BOSTON (Reuters) - Convicted Boston Marathon bomber Dzhokhar Tsarnaev was adrift and following his obsessive older brother when he carried out the deadly 2013 attack, a defense lawyer said on Monday as he urged a jury to spare his client’s life.
The defense sought to portray Tsarnaev as a member of a fractured family who easily fell under the spell of his 26-year-old brother, Tamerlan. Lawyers described Tamerlan as the mastermind of the April 15, 2013, attack that killed three people and injured 264.
It also echoed the recent words of the family members of some of the people killed by the 21-year-old ethnic Chechen in saying that sentencing Tsarnaev to prison for the rest of his life would both punish him and ensure he is removed from the intense media spotlight he has occupied for the past two years.
“No punishment could ever be equal to the terrible effects of these crimes on the innocent people who were killed and hurt or on their families,” said defense attorney David Bruck. “There is no point in trying to hurt him as he hurt because it can’t be done.”
During the initial stage of Tsarnaev’s trial, prosecutors portrayed him as an extremist who carried out one of the highest-profile attacks on U.S. soil since Sept. 11, 2001, because he wanted to “punish America” for military campaigns in Muslim-dominated countries.
Defense lawyers countered that Tsarnaev, whose family immigrated to the United States a decade before the attack, had been raised to idolize and obey his older brother.
“When people who knew Tamerlan heard that he bombed the marathon, it kind of fit. But people who knew Dzhokhar were stunned,” Bruck said. “The man who conceived, planned and led this crime is beyond our power to punish.”
Tamerlan died following a gunfight with police early on April 19, 2013, hours after the brothers fatally shot a university police officer.
Tamerlan’s mother-in-law, Judith Russell, testified that her daughter, Katherine, became interested in Islam after she started to date Tamerlan. She married him after she became pregnant with his baby during her junior year of college.
The Russell family disapproved of the relationship and did not attend the wedding, Russell testified.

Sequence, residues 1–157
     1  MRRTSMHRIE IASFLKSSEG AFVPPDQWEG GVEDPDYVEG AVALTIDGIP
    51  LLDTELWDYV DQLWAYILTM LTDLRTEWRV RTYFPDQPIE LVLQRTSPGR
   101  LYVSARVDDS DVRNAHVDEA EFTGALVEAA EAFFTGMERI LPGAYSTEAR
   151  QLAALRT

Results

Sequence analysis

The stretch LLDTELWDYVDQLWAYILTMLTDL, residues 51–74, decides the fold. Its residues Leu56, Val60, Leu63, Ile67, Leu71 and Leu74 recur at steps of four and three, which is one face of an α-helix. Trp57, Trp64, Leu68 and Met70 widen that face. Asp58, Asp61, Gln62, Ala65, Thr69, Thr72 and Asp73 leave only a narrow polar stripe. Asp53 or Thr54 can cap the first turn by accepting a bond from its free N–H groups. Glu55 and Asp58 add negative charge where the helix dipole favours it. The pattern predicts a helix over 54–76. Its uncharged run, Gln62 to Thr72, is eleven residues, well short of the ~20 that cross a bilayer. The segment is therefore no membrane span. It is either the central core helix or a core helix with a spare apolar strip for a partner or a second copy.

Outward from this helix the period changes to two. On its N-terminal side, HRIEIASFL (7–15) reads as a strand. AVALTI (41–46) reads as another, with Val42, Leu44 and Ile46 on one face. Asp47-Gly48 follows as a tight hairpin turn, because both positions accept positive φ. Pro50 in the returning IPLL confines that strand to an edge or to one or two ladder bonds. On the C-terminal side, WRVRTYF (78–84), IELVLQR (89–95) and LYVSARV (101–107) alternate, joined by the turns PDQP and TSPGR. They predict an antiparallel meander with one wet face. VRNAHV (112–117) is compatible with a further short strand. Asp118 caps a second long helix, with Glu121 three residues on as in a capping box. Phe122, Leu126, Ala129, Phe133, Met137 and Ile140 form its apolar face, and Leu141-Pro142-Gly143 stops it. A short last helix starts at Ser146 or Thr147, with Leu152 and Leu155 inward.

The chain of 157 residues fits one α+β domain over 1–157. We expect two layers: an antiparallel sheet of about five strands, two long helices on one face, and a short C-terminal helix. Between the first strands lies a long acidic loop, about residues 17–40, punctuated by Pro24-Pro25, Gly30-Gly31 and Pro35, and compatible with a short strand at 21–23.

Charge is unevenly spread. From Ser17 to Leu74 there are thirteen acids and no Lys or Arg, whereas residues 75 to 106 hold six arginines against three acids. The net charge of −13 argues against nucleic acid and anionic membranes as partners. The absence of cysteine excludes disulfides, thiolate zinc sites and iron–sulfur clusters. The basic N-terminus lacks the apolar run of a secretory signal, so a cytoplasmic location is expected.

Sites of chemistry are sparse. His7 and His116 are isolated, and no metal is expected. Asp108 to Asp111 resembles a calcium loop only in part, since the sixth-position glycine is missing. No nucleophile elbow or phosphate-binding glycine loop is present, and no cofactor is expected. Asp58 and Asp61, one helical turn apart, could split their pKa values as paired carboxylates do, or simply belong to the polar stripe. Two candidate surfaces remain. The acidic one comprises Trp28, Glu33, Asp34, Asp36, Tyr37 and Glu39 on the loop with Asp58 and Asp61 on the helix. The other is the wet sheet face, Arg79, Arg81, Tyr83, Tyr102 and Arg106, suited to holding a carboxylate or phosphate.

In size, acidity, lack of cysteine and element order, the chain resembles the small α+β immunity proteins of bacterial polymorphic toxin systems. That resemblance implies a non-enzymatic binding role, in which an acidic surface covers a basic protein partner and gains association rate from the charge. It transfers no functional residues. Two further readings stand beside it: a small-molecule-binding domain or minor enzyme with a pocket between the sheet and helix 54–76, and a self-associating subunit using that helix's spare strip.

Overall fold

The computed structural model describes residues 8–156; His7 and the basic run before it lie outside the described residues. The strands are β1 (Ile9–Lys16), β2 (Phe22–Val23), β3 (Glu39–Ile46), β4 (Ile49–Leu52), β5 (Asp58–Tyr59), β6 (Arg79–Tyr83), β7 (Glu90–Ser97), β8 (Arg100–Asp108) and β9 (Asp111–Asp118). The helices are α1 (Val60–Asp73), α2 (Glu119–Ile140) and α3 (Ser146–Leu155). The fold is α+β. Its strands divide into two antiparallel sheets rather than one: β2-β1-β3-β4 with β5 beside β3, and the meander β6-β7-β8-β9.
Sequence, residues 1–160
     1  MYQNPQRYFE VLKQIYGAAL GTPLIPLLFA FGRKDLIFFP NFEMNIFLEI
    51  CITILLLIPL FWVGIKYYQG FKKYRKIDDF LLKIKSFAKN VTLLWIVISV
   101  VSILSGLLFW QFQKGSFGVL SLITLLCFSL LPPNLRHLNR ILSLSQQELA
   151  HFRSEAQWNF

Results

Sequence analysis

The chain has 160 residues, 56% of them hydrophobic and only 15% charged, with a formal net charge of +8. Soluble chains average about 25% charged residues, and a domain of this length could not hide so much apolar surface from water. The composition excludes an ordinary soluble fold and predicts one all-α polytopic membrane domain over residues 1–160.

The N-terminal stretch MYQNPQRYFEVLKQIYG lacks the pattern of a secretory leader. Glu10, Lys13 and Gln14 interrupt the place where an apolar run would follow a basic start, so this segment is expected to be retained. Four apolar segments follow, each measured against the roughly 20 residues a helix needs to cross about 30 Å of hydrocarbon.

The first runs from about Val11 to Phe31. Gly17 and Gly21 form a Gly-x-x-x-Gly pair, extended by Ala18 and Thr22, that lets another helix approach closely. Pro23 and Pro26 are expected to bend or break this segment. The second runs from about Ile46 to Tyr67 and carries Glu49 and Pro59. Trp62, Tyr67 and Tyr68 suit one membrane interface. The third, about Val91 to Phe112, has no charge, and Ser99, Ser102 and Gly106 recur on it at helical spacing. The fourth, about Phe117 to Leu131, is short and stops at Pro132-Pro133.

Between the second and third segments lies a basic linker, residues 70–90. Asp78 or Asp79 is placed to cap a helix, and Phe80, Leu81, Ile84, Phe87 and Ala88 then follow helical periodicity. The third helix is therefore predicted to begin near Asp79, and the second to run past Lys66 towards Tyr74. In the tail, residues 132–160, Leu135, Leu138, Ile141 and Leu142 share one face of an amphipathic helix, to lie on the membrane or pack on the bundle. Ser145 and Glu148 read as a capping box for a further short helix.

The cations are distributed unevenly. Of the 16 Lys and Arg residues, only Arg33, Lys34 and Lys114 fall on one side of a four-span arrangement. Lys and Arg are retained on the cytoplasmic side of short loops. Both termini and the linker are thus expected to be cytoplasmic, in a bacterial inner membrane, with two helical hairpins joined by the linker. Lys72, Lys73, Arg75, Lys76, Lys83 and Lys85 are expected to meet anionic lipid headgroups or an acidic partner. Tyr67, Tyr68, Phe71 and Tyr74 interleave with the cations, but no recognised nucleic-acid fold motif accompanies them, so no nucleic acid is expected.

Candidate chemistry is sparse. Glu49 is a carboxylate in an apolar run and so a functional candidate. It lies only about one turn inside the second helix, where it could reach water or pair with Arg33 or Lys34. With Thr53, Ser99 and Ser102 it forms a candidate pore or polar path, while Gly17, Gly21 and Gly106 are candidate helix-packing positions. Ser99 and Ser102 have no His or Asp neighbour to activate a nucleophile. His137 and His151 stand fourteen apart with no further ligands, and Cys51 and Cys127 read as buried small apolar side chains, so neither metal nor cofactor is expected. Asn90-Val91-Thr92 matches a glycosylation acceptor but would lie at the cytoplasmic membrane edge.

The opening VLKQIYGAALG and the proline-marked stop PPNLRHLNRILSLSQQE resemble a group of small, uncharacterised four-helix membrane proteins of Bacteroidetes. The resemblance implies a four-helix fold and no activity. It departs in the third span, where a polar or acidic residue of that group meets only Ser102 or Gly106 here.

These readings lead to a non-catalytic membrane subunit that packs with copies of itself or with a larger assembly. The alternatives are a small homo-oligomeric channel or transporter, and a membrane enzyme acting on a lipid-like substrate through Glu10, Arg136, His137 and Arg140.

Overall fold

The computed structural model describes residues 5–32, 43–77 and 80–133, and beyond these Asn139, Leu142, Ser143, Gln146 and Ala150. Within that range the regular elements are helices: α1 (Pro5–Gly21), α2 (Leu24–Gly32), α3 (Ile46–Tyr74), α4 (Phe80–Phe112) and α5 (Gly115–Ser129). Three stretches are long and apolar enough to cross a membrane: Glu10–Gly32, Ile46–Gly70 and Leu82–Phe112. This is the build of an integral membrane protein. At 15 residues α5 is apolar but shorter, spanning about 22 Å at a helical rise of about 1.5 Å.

“Over time, he became much more religious and talked about it much more frequently, like any time I saw him,” Russell testified. She added Tamerlan often wanted to discuss “this country’s influence and harm to Islamic countries.”
The death penalty remains highly controversial in Massachusetts, where state law does not allow the punishment, although Tsarnaev could face it because he is on trial in federal court.
A Boston Globe survey released on Monday found that just 19 percent of Massachusetts residents support the idea of putting Tsarnaev to death, fewer than the 30 percent who support the death penalty for “heinous” crimes. The poll of 804 people conducted April 22 and 23 has a margin of error of 3.5 percentage points.
In sharp contrast to the last phase of the trial, when the defense took just two days to call four witnesses, the court has scheduled about two weeks worth of testimony as Tsarnaev’s lawyers make the case to spare his life. The defense called a half-dozen witnesses in the first few hours of testimony on Monday.
Defense attorneys plan to call some members of his family, who traveled to Boston from Russia, a computer forensics specialist who will testify to Tamerlan’s “obsessive” reading of jihadist literature and an expert in brain development who will discuss the teenage mind.
It remains unclear whether Tsarnaev will speak in his own defense. He has shown no signs of emotion as the jury heard tearful testimony from survivors and viewed graphic, disturbing images of the bombs’ detonation and aftermath.
Martin Richard, 8, Chinese exchange student Lu Lingzi, 23, and restaurant manager Krystle Campbell, 29, died in the bombing. The Tsarnaev brothers shot dead Massachusetts Institute of Technology police officer Sean Collier three days later.
Richard’s parents and Collier’s sister have spoken out publicly against federal prosecutors’ pursuit of the death penalty, calling for a deal in which Tsarnaev would be sentenced to life in prison and give up his right to appeal.
Tamerlan had twice been kicked out of a mosque near his Cambridge, Massachusetts, apartment when he interrupted Friday sermons to loudly disagree, two witnesses testified.
Loay Assaf said he had been giving a sermon in January 2013 drawing parallels between slain U.S. civil rights leader Martin Luther King Jr. and the prophet Mohammed, when Tamerlan loudly interrupted the proceedings.
“He was shouting at me and so angry and fired up that this is not Islamic, this is wrong, you should not say that. And he would just keep repeating this,” Assaf said. “I felt awkward honestly because people don’t usually do this.”
Editing by Andrew Hay, Bernadette Baum and Andre Grenon